Successful participation starts with a good match between scientist and peer experts. Getting to know and understand each other requires effort and time, but it ensures a strong research or project, with a greater chance of appropriate and useful results.
For participation to be successful, existing prejudices must first be set aside. Sometimes, the input of peer experts is underestimated or viewed with a limited view. Peer experts on the other hand do not always know what they have to offer or what they can gain from participating in a project.
Experiential experts bring a different - and equally valuable - perspective, coming from their experience with a disorder. But they often speak a different language than scientists. The different stakeholders in a study therefore need to learn to understand each other. Transferring knowledge and experiences sometimes takes more explanation back and forth. It takes time to (learn to) listen to each other. But it is an extra effort that is certainly worthwhile. Equality withing a project is of great importance.
'What matters is that you're authentic. And that you are more than just your role. If you play the researcher - and I use the word 'play' on purpose - you won't be able to come into contact with young people with mental health problems. Because they'll know that the interaction isn't normal. They wonder why they should open up if I don't. So do it together and make sure that the exchange goes both ways.'
Frans Spierings, lector on growing up in the city, responsible for the projectKOPLOPERS
'When working with co-researchers with a disability, I think it's very important that you give them space, particularly in the beginning of the process, so that you will learn to see their qualities and talents. You'll start to see that an experiential expert is not only someone with a disability, but someone with possibilities and research talent.
Henriëtte Sandvoort, co-researcher 'Working Together, Learning Together'
For both scientists and experiential experts, it is important that everyone is clear about their motivation and motives. It makes a difference whether a scientist is convinced of the importance of participation or whether he or she does something with it 'because they have to'.
For peer experts it's also important to clearly have in mind why they want to participate. Is it because they feel they 'have to', because it is their duty? Or is participation seen as an opportunity to contribute to relevant results and broadening the view of researchers?
'Some researchers focus on patient participation because they'll get research funds if they do something with participation. As a researcher, ask yourself whether you should want that. You do raise expectations in patients; they think they can have a say. But if they are not taken seriously, it turns into a frustrating experience. That causes a lot of damage, to everyone involved.'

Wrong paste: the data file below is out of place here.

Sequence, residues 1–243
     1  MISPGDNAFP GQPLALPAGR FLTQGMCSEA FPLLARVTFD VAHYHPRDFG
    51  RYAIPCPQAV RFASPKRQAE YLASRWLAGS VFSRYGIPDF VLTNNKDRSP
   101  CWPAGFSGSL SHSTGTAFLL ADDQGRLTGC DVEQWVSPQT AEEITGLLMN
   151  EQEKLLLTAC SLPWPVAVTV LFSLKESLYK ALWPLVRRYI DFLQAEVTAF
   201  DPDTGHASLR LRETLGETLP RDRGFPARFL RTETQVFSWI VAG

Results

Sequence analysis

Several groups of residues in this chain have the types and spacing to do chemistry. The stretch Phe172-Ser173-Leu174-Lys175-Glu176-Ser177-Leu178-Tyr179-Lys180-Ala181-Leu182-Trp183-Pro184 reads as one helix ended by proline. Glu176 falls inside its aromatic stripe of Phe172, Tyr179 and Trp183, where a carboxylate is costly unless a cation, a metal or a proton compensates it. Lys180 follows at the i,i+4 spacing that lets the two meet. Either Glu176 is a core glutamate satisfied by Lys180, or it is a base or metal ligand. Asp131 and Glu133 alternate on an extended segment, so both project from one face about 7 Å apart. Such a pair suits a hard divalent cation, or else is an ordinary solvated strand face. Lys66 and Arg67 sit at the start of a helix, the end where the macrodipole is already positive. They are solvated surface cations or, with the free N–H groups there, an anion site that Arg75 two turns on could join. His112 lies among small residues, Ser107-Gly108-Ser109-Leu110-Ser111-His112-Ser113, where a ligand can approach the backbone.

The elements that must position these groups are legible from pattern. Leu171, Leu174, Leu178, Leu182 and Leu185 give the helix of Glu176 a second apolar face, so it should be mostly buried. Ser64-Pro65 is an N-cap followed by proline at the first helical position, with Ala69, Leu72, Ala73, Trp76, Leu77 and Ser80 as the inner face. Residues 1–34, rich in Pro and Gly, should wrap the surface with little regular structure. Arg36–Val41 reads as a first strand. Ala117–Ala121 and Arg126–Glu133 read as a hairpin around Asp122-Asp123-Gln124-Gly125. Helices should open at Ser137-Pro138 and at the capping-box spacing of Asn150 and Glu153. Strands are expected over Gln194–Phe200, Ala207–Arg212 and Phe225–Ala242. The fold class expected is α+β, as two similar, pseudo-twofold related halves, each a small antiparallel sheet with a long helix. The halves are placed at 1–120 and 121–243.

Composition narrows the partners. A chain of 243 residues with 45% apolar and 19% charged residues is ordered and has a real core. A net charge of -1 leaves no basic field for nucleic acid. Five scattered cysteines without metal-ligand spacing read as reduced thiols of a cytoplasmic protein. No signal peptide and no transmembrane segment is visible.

(source: Een 10 voor patiëntenparticipatie, only available in Dutch)
As the participation ladder shows, the degree of involvement in research can differ depending on the situation or the phase of the project. An intensive form of cooperation in research takes a lot of time and effort for experiential experts. Not everyoneis physically and mentally able to do that. Depending on the kind of input, certain competences are required as well. Therefore, if the peer expert doesn't already possess these competences, there should be room for training in order to obtain them.
Therefore, it's important for experiential experts and scientists to talk to each other about what's desirable and achievable. This requires curious scientists and realistic peer experts. And above all: dialogue and honest communication.
'Because of my condition, I need to be able to lie down regularly. Also, after a while I get so tired that I can't think coherently any more. People often don't realise this. Or only at the beginning - and then after a while things start to go back to the way they used to be.'
(source: Een tien voor patiëntenparticipatie, only available in Dutch)
'We had a congress in Scotland one day. I had to tell my colleagues that I can't stay at a conference all day without a break, because otherwise I won't make it to the evening. I like going out for dinner, but I need energy for that. (...) These are the kind of obstacles that you run into. You have to talk to each other about it. That was difficult for a while, because you don't want to disappoint someone else. But it's necessary in order to be able to work together.'
Henriëtte Sandvoort, co-researcher 'Working together Learning together'
'Henriëtte (co-researcher with a visual impairment) does not like to be rushed. When we are on the train station and the train is about to leave, she does not speed up. I later found out that that is frightening for her. While I think: 'If we just speed up a bit, we'll catch the train and we'll be home in time'. So we really had to look for a common rhythm.'
Sofie Sergeant, researcher Disability Studies in the Netherlands, project leader 'Working together, Learning together'
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